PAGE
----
This Fundamental Elements Industry Days workshop will include in-depth information on the funding programme and the application process a well as insights about the calls.

EUSPA Releases User Consultation Platform 2022 Reports

14.6.2023 12:18  
The UCP 2022 Reports on User needs are now available for download.
Published: 
14 June 2023

The annual User Consultation Platform (UCP) led by EUSPA, is a forum in which the EU Space Programme user community meets to share their experiences, reflect on needs and discuss market trends in satellite navigation, earth observation and satellite communications. The input gathered during the UCP is essential for the evolution of Galileo/EGNOS, Copernicus and GOVSATCOM/IRIS2 systems and the services they provide.  

The last UCP which was held during EU Space Week 2022 gathered over 300 attendees from 7 different market segments including Infrastructure, Renewable Energy and Raw Materials, Consumer Applications, Aviation and Drones, Maritime and Fisheries, Emergency Management and Humanitarian Aid, as well as Insurance and Finance. 

"The outcomes of the UCP are crucial for service definition and service provision of the EU Space Programme. The input from users allows EU decision-makers and us service providers to design and develop EO, GNSS and Satcom services that bring added value to a broad range of our economy and society," says Head of Market Downstream and Innovation Department, Fiammetta Diani. 

The results of the UCP were used to compile and update a series of Reports on User Needs and Requirements per market including for the first time those related to COPERNICUS and are now available here:

Sneak a peek at UCP 2023 

The UCP is a one-of-a-kind networking opportunity that allows the entire space ecosystem to explore new synergies and keep abreast of the latest developments in this fast-paced sector. The Platform’s format allows all the various space stakeholders to share their experiences and expertise and learn from each other, helping them to grow stronger and become more innovative and competitive.

The 5th edition of the User Consultation Platform (UCP) for the European Space Programme will take place on 7 November 2023 in Sevilla, Spain. It will be a one-day event composed of 7 parallel sessions in which users will be grouped by market segment:

  • Agriculture and Forestry
  • Environmental Climate & Biodiversity
  • Rail
  • Public Transport
  • Road and Automotive
  • Space 
  • Resilient Societies

More details will be announced soon, so stay tuned!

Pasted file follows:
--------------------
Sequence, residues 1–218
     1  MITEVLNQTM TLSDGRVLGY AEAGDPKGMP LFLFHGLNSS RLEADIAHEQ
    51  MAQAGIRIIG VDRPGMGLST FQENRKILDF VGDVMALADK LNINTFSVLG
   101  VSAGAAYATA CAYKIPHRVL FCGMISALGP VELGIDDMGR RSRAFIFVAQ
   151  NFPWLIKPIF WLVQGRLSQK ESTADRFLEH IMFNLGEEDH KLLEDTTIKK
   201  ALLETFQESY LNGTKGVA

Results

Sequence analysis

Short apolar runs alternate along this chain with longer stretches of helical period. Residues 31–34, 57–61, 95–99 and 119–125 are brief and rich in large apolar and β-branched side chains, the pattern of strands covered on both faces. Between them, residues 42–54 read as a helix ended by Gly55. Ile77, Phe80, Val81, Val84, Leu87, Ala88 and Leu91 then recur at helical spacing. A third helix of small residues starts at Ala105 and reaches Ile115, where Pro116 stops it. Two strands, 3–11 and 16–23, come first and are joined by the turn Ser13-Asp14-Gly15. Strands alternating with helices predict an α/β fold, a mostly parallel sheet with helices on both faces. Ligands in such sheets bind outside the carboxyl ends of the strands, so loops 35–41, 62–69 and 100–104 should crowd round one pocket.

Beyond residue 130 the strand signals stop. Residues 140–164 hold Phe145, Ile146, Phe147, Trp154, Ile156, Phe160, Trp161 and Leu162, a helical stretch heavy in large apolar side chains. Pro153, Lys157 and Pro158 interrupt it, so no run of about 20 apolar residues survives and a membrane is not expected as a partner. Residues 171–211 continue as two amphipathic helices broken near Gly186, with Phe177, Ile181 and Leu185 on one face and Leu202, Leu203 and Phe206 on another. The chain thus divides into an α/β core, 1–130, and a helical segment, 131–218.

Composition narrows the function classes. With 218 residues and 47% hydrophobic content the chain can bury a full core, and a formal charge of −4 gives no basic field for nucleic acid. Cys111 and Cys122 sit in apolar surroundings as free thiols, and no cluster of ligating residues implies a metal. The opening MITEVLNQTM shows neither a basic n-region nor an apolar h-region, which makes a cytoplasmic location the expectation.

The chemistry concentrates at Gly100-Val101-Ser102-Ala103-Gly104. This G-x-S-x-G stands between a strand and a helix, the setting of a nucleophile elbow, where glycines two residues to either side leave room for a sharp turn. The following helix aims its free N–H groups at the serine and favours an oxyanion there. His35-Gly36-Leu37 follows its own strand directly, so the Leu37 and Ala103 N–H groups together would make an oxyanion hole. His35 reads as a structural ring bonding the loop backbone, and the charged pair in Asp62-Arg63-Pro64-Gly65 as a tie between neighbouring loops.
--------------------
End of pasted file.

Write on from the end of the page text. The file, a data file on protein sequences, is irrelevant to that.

Media note: This feature can be republished without charge provided the European Union Agency for the Space Programme (EUSPA) is acknowledged as the source at the top or the bottom of the story. You must request permission before you use any of the photographs on the site. If you republish, we would be grateful if you could link back to the EUSPA website (http://www.euspa.europa.eu).

The UCP 2022 Reports on User needs are now available for download.

EUSPA Releases User Consultation Platform 2022 Reports

14.6.2023 12:18  
Published: 
14 June 2023

The annual User Consultation Platform (UCP) led by EUSPA, is a forum in which the EU Space Programme user community meets to share their experiences, reflect on needs and discuss market trends in satellite navigation, earth observation and satellite communications. The input gathered during the UCP is essential for the evolution of Galileo/EGNOS, Copernicus and GOVSATCOM/IRIS2 systems and the services they provide.  

The last UCP which was held during EU Space Week 2022 gathered over 300 attendees from 7 different market segments including Infrastructure, Renewable Energy and Raw Materials, Consumer Applications, Aviation and Drones, Maritime and Fisheries, Emergency Management and Humanitarian Aid, as well as Insurance and Finance. 

"The outcomes of the UCP are crucial for service definition and service provision of the EU Space Programme. The input from users allows EU decision-makers and us service providers to design and develop EO, GNSS and Satcom services that bring added value to a broad range of our economy and society," says Head of Market Downstream and Innovation Department, Fiammetta Diani. 

The results of the UCP were used to compile and update a series of Reports on User Needs and Requirements per market including for the first time those related to Copernicus and are now available here.

Sneak a peek at UCP 2023 

The UCP is a one-of-a-kind networking opportunity that allows the entire space ecosystem to explore new synergies and keep abreast of the latest developments in this fast-paced sector. The Platform’s format allows all the various space stakeholders to share their experiences and expertise and learn from each other, helping them to grow stronger and become more innovative and competitive.

The 5th edition of the User Consultation Platform (UCP) for the European Space Programme will take place on 7 November 2023 in Sevilla, Spain. It will be a one-day event composed of 7 parallel sessions in which users will be grouped by market segment:

  • Agriculture and Forestry
  • Environmental Climate & Biodiversity
  • Rail
  • Public Transport
  • Road and Automotive
  • Space 
  • Resilient Societies

More details will be announced soon, so stay tuned!

Media note: This feature can be republished without charge provided the European Union Agency for the Space Programme (EUSPA) is acknowledged as the source at the top or the bottom of the story. You must request permission before you use any of the photographs on the site. If you republish, we would be grateful if you could link back to the EUSPA website (http://www.euspa.europa.eu).

The UCP 2022 Reports on User needs are now available for download.